Lydia Kakabadse provides an ethereal listening experience with her album “The Phantom Listeners”

UntitledBritish born composer Lydia Kakabadse, grew up in a quiet market town in Cheshire, and has been composing music since the young age of thirteen. Working as a solicitor in previous years, Lydia has a talent for writing both chamber and choral music and her works include songs, string quartets, musical dramas, a cantata, song cycles for unaccompanied male vocal choir and a concert Requiem Mass. Drawing inspiration from a diverse range of influences such as Middle Eastern Music, mythology, nineteenth century poets, Latin Literature and talent for dancing, Lydia has concocted a potent five-piece album which is both majestic and chimerical. When listening, one can hear the distinct allusion to Middle Eastern music, which is brilliantly interwoven within the classical themes.

Lydia manages to incorporate aspects of her fascinating family history within her music.  Due to her multi-national background (Greek/Austrian mother and Russian/Georgian father) Lydia was brought up within the Greek and Russian Orthodox faith, from where she drew inspiration in such works as her string quartet Cantus Planus, song cycle Cantica Sacra and also a choral piece that is still being worked on. Lydia’s heritage on her father’s side is extremely fascinating, as her paternal grandfather was deputy prime minister of Georgia from 1921 – 1933 and shortly afterwards publicly denounced Stalin.


One of the truly elegant singles from the album Russian Tableaux is a captivating, bitter-sweet tribute to the landscape, history and culture of Russia. For a taste of this beautiful album you can listen to Russian Tableaux available here:


Lydia’s album – “The Phantom Listeners, Arabian Rhapsody Suite, The Mermaid” – which was released in 2011, gravitates towards an ethereal experience for the listener, providing stimuli for subliminal visuals. The Latin text within The Phantom Listeners and the (English) text in The Mermaid were both written by Lydia, the first inspired by Walter de la Mare’s poem “The Listeners” and the latter by Greek mythology. The second track on the album – “Arabian Rhapsody Suite” was partly written whilst Lydia was undergoing breast cancer treatment in 2008, and an article was published shortly afterwards in the Eastern Daily Press depicting how much her composing helped her through the treatment. The third track – “The Song of the Shirt”, Lydia wrote when she was just fifteen!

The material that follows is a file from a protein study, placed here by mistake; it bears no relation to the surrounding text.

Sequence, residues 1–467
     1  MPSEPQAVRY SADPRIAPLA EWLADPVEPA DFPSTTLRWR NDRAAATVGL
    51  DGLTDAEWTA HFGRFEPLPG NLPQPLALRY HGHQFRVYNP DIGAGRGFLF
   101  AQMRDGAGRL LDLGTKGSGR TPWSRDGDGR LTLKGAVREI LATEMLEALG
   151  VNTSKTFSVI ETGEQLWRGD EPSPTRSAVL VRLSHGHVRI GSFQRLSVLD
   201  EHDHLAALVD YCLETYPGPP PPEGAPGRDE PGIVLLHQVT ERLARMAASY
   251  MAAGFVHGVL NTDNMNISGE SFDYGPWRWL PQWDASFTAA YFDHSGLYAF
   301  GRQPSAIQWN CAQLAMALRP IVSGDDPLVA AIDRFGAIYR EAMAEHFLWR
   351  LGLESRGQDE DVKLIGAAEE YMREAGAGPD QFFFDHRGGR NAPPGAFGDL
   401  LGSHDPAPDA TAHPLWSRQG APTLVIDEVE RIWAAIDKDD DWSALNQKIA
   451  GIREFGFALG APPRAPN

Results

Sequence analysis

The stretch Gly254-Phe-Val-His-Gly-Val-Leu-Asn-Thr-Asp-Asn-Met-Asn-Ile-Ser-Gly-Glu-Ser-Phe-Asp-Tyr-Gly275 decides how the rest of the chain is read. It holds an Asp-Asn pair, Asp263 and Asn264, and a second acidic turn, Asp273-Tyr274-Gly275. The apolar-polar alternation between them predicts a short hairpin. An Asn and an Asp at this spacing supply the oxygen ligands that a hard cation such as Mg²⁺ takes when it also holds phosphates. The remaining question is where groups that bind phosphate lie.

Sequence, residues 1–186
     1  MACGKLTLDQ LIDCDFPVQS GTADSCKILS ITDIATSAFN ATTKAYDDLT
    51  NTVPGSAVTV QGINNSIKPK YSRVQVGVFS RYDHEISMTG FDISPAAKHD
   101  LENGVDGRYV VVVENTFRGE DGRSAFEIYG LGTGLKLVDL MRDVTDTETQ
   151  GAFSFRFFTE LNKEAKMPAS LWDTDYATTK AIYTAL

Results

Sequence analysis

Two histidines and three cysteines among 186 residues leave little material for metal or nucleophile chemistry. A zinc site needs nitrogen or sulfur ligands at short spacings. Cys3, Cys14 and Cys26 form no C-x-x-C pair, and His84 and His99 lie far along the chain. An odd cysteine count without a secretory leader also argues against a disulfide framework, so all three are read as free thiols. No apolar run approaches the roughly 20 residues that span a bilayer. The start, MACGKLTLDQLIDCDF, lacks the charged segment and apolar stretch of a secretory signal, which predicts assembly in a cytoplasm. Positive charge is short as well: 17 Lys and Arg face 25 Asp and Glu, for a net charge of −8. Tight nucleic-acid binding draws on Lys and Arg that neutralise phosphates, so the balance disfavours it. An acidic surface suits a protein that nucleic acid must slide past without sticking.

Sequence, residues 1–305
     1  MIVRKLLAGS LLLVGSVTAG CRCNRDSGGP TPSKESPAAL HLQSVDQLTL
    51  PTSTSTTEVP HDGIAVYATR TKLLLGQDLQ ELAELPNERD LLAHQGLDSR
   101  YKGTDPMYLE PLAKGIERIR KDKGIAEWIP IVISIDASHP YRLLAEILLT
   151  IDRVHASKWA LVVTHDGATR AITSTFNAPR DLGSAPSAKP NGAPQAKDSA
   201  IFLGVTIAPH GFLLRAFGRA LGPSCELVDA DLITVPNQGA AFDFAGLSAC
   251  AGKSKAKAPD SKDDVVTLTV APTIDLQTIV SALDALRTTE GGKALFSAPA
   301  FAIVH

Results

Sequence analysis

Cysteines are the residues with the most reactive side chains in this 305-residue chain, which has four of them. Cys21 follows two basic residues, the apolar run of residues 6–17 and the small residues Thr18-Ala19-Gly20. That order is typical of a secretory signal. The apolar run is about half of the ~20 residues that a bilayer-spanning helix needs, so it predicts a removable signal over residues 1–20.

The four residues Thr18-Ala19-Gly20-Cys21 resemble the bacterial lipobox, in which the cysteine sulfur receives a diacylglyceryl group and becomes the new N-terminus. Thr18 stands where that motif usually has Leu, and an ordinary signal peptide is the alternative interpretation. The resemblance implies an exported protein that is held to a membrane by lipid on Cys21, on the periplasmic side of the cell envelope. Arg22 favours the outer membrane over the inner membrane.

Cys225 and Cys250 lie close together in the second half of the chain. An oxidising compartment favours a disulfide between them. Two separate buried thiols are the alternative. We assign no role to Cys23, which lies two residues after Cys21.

Lydia has received praise for her work from a huge variety of listeners:

Her music is so instantly appealing” – Music Web International


“Well written, melodic and effective – characteristics of all of Kakabadse’s music” – Music web International


Arabian Rhapsody Suite – “its rhythms and phrasing evoked the exotic sounds of Marrakesh” (Eastern Daily Press)

 Whilst mastering counterpoint perfectly, she makes wonderful use of her material by means of a high quality structure giving a sense of the new and vibrant and captivating the listener,” (Tamvakos – Jazz & Tzaz)

Listing Diana Moran amongst many others as fans of her music, Lydia can also add many prestigious venues that have played host to live performances of her music, such as Ely Cathedral, St. John’s Smith Square London, Grosvenor House London, Norwich Cathedral – “Composer is present to hear her work played to perfection” (EDP) – and the Chapel of Gonville & Caius College Cambridge, where her choral work Cantica Sacra was premiered in Feb 2014 by the Choir of Gonville & Caius College.


You can find out more about Lydia from her website:


Related Articles

Check Also
Back to top button